Analysts: Property Market Curbs Continue
    2013-11-19 19:48:32     CRIENGLISH.com         Web Editor: Mao

Many Chinese property analysts expect a continuation of the country's harsh curbs on the property market, in view of October's strong growth of home prices.

Yin Xiuqi has more details.


 

Newly-released official statistics show home prices in 69 of the 70 tracked cities recorded an average growth rate of 9.6 percent in October on a yearly basis.

First-tier cities like Beijing and Shanghai saw rapid rises of over 16.4 percent and nearly 18 percent respectively.

Guangzhou and Shenzhen both recorded a growth rate of over 20 percent.

Chen Jie, a real estate researcher at the Shanghai University of Finance and Economics, says the housing price growth is alarming.

"Most of the tracked cities saw home prices grow about 10 percent on average with the highest growth rate of more than 20 percent. This kind of growth pace is alarming and has put additional pressure on the government for it to cool the property market."

But some other observers have a different opinion after looking into the figures on a month-on-month basis.

Gu Yunchang is deputy President of the China Real Estate and Housing Research Association.

"Generally speaking, the growth of home prices has been on the decline since the second quarter. Although the prices went up, the growth momentum abated."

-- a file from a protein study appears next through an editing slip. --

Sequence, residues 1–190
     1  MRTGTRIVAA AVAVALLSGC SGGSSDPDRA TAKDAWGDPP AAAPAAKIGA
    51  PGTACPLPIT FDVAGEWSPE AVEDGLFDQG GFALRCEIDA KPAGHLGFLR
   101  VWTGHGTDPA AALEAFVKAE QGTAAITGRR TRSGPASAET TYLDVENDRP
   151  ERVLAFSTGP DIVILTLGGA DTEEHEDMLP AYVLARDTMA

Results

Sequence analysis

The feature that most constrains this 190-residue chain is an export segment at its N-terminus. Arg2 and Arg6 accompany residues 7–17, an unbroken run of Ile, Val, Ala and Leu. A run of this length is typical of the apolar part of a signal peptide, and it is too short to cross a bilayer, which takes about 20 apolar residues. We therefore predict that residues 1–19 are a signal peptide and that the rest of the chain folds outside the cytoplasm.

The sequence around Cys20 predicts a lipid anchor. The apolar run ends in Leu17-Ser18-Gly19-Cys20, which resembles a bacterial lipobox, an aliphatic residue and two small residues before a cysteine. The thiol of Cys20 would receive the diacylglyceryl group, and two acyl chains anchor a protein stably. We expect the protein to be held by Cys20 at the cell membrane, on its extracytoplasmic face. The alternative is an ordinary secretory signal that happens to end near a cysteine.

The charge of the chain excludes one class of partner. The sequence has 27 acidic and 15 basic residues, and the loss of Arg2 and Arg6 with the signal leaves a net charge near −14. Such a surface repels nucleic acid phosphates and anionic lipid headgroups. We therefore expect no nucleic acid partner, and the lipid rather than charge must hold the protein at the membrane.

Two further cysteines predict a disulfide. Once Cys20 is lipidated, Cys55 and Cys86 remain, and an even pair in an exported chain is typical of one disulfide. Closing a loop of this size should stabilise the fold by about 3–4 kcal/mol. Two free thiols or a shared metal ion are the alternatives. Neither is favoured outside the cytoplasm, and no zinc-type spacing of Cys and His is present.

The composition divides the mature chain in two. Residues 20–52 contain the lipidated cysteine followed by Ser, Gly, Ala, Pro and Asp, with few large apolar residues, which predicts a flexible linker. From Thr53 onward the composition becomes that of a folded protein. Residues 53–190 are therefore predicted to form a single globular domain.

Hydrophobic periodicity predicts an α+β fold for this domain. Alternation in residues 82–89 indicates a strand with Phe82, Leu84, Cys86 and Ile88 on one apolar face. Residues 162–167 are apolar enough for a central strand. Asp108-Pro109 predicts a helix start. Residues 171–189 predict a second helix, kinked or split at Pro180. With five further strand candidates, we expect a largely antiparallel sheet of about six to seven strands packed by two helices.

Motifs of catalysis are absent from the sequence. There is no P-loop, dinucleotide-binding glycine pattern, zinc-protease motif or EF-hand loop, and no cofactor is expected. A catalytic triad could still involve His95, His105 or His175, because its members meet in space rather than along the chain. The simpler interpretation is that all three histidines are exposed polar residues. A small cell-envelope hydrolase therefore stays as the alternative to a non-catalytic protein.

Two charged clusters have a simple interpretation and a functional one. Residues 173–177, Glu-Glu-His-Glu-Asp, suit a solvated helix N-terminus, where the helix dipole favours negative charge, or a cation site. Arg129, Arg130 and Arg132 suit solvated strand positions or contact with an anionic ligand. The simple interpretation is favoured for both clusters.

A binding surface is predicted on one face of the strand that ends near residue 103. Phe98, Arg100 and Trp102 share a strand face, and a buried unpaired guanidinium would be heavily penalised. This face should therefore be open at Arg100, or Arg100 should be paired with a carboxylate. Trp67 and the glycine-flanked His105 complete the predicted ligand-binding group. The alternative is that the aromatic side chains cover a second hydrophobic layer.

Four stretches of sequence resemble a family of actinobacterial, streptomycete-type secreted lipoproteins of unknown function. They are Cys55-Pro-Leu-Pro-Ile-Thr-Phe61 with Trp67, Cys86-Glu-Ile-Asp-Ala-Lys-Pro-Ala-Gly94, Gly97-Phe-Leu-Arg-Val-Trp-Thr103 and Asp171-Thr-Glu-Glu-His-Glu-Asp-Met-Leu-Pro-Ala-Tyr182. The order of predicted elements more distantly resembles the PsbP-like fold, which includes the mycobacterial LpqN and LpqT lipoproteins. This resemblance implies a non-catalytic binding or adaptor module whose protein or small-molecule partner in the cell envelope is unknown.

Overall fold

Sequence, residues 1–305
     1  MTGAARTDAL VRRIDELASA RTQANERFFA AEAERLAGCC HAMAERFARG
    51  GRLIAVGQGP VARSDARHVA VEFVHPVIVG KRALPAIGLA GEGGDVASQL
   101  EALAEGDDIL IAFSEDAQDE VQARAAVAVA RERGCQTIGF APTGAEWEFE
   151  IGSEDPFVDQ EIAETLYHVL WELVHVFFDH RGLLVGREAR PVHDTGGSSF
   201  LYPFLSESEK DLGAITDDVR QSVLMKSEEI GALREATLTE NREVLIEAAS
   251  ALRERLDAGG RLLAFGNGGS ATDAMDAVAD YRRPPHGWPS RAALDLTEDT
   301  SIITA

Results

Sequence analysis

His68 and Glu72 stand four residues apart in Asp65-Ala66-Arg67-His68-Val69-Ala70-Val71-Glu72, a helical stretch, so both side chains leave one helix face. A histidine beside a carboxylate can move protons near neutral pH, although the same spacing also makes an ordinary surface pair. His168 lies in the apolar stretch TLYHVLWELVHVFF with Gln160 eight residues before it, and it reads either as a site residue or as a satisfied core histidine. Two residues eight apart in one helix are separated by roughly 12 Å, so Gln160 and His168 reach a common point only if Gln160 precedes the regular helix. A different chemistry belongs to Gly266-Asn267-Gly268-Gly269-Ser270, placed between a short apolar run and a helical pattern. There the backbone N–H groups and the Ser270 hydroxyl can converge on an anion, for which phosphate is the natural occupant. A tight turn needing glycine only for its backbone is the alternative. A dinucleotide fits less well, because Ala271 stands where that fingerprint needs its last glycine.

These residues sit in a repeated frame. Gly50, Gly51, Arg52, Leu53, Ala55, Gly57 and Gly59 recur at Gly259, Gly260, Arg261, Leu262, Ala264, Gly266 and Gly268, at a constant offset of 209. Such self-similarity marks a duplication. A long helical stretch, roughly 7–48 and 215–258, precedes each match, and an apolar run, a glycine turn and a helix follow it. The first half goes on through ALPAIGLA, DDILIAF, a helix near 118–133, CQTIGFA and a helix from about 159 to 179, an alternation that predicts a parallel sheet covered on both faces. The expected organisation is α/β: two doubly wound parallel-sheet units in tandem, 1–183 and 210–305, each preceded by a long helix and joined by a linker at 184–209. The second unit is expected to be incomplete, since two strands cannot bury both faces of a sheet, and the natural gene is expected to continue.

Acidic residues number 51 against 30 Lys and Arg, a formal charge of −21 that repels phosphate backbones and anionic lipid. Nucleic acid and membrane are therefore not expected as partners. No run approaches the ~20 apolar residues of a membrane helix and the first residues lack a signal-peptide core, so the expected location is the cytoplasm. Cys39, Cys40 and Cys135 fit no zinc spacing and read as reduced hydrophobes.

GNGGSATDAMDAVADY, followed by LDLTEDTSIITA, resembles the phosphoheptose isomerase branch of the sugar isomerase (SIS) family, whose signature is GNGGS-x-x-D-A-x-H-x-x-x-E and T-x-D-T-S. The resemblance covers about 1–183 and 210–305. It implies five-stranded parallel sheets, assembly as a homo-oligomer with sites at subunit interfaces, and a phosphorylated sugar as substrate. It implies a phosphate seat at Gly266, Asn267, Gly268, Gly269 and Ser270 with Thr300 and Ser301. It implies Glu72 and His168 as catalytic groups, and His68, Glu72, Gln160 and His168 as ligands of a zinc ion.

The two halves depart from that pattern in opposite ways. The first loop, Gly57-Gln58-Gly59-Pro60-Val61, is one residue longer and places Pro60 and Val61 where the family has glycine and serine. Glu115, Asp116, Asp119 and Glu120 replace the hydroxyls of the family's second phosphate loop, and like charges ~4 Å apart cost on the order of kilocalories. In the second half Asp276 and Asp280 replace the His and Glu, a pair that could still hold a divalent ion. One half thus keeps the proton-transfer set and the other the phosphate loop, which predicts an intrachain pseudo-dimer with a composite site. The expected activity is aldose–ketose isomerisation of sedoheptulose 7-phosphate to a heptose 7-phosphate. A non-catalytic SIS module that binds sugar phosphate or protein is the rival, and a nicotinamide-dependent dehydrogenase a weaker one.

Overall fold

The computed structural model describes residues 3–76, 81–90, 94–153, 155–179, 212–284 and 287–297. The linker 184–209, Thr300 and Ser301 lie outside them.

The pace of growth in new home prices averaged 0.7 percent on a monthly basis in October, slowing 0.2 percentage points compared to September.

When looking forward, many analysts say the government is very likely to maintain its curbs on the market for the sake of a healthy development of the sector.

Chen Jie from the Shanghai University of Finance and Economics explains.

"I think purchasing restrictions will continue to be in place. The restrictions on the mortgage loans will see differentiated practices. The curbs for the first home buyers will be eased, but for the second and third ones the curbs will still be strict. So I think there will be no major changes to these two policies in the short term."

China has been imposing tough policies to cool the overheated property market since 2010.

The policies include restricting the number of homes a buyer can purchase, raising the down payment ratios and levying property taxes in some big cities.

Analysts hope the government may seek a more market-oriented mechanism to build a healthy property market, following the reform plans released last week by the Communist Party of China Central Committee.

The plans stipulate China will step up legislation for property tax, build a unified market for urban and rural construction land to increase supply, and set up a housing database.

For CRI, I'm Xiuqi.

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